Remembering a classy champion

Joe Louis, one of the finest boxers in history, had a tough time meeting life’s challenges.

Although one of the greatest prizefighters in history, Joe Louis was later in life almost as well known for his struggles with the Internal Revenue Service and for the damage he sustained in the ring — before the long-term dangers of brain injuries in boxing and other sports were better understood. Louis, nicknamed the Brown Bomber, was merely a vestige of the 24-year-old world heavyweight champion who, at Yankee Stadium in June 1938, knocked out his German opponent, Max Schmeling, in 2 minutes, 4 seconds.

Louis, who had held his title for a year heading into the bout, had told reporters he would not feel like a world champion until he disposed of Schmeling, who had knocked him out in the 12th round in 1936.

With more than 70,000 spectators, including Clark Gable, Gary Cooper and J Edgar Hoover, in the stands, and an estimated 70 million people following by radio — which some called the largest listening audience of the time — it was a signal night for geopolitics. Although Schmeling had not joined the Nazi Party, Hitler had promoted him as an avatar of Aryan greatness. At the White House, Franklin D Roosevelt had grasped Louis’ biceps and emboldened him in his duty.

“Yeah, I’m scared,” Louis told a friend. “I’m scared I might kill Schmeling.”In Archery, Georgia, 13-year-old Jimmy Carter witnessed African-Americans standing outside his family’s house, listening to Louis’ victory from a radio perched on the windowsill. As Carter later wrote, the visitors “walked silently out of the yard, crossed the road and the railroad tracks, entered the tenant house, and closed the door.”

“Then all hell broke loose,” Carter continued, “and their celebration lasted all night.”The quiet, genial Louis modestly said later that when told of what he meant to his people, he thought, “Jesus Christ, am I all that?”

In January 1942, after World War II had begun, he gave the US Navy Relief Society a cheque for $89,092, which was said to represent the profits, including his own, from his bout that month with Buddy Baer. Enlisting in the segregated US Army as a private, he made morale-building visits to US bases but would brook no discrimination.

Louis played himself in the 1943 World War II film “This Is the Army,” in which Ronald Reagan appeared; Louis said on-screen, “All I know is that I’m in Uncle Sam’s Army and we are on God’s side.”

Although he earned a fortune during his almost 12-year reign as world champion, Louis fell into a deepening chasm of personal debts and IRS demands for back taxes, which included disallowance of deductions he had taken for buying GIs tickets to his exhibitions, as well as penalties and compound interest. “I made 5 million,” he later said, “and wound up broke, owing the government a million.”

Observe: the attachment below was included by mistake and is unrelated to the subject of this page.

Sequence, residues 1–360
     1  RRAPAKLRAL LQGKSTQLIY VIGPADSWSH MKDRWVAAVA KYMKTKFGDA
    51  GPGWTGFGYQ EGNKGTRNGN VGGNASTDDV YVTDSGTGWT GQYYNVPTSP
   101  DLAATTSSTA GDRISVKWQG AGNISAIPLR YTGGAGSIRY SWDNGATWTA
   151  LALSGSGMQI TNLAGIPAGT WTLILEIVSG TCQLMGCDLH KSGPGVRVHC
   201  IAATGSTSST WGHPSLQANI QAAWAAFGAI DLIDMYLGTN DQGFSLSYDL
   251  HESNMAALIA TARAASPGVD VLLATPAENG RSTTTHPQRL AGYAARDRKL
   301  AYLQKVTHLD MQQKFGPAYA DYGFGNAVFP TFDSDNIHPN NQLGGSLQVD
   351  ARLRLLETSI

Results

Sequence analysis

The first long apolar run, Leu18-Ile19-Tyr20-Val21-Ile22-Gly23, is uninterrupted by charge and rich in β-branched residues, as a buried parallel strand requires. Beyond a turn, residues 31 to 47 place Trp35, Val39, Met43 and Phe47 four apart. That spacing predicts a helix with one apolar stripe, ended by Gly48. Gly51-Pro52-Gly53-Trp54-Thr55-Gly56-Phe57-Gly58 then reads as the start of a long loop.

The aging Louis declared his retirement in 1949, then concluded that he could not afford to stop boxing. But he failed in comeback attempts against Ezzard Charles and Rocky Marciano.

In 1951, Dr JM Houston, the Illinois State Athletic Commission’s medical adviser, who had examined Louis twice during the previous 18 months, told the Associated Press that Louis’ reaction time, reflexes and coordination had deteriorated.

“No one knows at just what point one slips over the line into a mentally impaired condition,” Houston warned, adding that Louis had “now absorbed enough blows on the head so that he could be considered on the threshold of danger.” But Louis, looking to pay his bills, took up wrestling.

The connection between the decades of being pummeled and Louis’ later physical and mental challenges will never be precisely established. But in 1970, Louis, who reportedly had pneumonia, cocaine dependency and emotional problems, including delusions and paranoia, was removed from his home by a Denver sheriff for five months - at the behest of his third wife, Martha, and son Joe Jr - and taken to the local veterans hospital and a Colorado psychiatric hospital, where he spent five months.

As if out of a Frank Capra screenplay, Louis’ saving grace turned out to be the friends who would not let him depend on the kindness of strangers.

Thanks to Ash Resnick, the Army chum who managed the Caesars Palace casino, Caesars lent Louis a house in Las Vegas and hired him as a $50,000-a-year “host in residence.”Louis explained, “My main job is shaking hands,” noting, only half in jest, that one of his assignments was assuaging high rollers who lost big money to the house.

When Louis had cardiovascular problems, some of which ultimately damaged his speech and his ability to walk, Frank Sinatra, his friend since the 1940s, called Martha and told her “not to worry about the cost” of his medical care; he insisted that the Champ “have the best.”

Sinatra had Louis flown in his personal jet to Houston, where he was operated on by the renowned cardiac surgeon Michael DeBakey.

In April 1981, Louis was wheeled to the edge of the ring in Las Vegas to watch Larry Holmes fight Trevor Berbick. The next morning, at age 66, Louis collapsed and died of cardiac arrest. Reagan waived rules so that the man he called “my friend” could be buried with honors at Arlington National Cemetery. Helping to pay for Louis’ funeral costs was Max Schmeling.

“Joe’s not broke,” his wife, Martha, had insisted during her husband’s financial traumas. “He’s rich - rich with friends. If he said he needed a dollar, a million people would send him a dollar, and he’d be a millionaire.” 

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